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“All of us...the children who sur­vived the accident, and the children who did not- it was as if we were the citizens of a wholly different town now, as if we were a town of solitaries living in a sweet hereafter, and no mat­ter how the people of [our town] treated us, whether they memorialized us or despised us, whether they cheered for our destruction or applauded our victory over adversity, they did it to meet their needs, not ours. Which, since it could be no other way, was exactly as it should be.” T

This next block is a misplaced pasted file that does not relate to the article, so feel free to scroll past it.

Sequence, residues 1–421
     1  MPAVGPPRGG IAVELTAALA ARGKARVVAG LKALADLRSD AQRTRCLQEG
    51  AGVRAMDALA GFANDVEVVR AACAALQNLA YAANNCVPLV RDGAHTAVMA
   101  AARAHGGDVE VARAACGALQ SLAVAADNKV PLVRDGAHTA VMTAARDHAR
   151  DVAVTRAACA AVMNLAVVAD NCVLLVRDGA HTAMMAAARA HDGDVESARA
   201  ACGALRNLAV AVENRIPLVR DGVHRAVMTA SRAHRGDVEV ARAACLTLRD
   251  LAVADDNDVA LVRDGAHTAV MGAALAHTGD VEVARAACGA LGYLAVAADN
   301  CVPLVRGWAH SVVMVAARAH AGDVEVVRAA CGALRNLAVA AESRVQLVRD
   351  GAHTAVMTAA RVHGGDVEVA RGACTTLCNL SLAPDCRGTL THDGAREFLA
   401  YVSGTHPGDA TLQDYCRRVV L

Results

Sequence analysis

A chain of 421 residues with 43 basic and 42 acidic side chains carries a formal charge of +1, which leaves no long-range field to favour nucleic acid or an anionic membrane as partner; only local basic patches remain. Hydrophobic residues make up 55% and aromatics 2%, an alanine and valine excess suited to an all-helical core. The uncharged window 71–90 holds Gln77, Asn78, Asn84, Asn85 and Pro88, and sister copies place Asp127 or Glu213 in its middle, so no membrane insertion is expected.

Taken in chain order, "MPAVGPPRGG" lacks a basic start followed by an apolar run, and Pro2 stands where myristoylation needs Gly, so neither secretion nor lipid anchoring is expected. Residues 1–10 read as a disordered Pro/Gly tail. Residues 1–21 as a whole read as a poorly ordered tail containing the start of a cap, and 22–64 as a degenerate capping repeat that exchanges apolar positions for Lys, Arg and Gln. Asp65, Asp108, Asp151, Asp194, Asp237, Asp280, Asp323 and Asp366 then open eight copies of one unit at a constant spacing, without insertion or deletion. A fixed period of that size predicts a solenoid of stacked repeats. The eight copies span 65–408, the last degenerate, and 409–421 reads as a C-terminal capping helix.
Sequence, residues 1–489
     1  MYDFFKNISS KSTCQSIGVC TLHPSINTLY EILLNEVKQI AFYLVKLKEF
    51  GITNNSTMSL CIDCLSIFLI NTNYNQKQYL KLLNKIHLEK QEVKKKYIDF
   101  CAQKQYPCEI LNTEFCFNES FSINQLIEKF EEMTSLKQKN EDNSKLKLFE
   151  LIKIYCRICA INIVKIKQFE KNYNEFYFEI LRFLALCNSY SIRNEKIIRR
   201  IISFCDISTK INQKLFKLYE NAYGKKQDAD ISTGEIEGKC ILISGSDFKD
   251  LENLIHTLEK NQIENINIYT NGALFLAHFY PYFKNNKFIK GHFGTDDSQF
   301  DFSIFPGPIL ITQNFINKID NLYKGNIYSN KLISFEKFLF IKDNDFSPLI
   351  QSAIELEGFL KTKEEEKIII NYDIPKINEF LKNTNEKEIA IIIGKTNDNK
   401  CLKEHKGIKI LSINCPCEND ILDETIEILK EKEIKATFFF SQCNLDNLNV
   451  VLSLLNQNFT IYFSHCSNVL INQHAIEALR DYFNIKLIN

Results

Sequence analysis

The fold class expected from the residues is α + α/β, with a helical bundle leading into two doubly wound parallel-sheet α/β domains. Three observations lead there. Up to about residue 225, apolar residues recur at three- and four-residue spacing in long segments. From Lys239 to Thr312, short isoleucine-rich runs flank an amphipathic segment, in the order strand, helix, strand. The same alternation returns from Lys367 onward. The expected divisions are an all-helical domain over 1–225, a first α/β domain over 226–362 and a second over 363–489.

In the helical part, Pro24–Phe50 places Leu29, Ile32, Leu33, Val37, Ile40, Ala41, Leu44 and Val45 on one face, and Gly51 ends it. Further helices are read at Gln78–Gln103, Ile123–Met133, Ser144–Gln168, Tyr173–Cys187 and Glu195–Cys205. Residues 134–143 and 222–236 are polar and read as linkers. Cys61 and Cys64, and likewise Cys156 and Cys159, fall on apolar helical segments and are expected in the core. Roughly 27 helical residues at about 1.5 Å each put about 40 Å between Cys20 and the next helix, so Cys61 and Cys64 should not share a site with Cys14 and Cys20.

The passage above, drawn from Russell Bank’s novel, The Sweet Hereafter (also produced as an award-winning motion picture) cap­tures a poignant truth about some survivors of horrific events, which might be difficult to glean from years of clinical or research work.

We expect that other ISTSS mem­bers will also want to share a favorite passage from literature which may not be particularly well known but offers insight about the psychological effects of trauma or paths of healing.

You are invited to contribute a passage from the arts, broadly defined to included poetry, theater, film, religious scripture, folk stories, legends, fairy tales, musical lyrics-anything that gives literary voice to our field of study.

We hope in each forthcoming issue of TraumaticStressPointsto pub­lish one of the submissions as part of a new feature entitled “Psychological Trauma and World Literature.” Send submissions to Harold Kudler and Howard Lipke at istss@aol.com.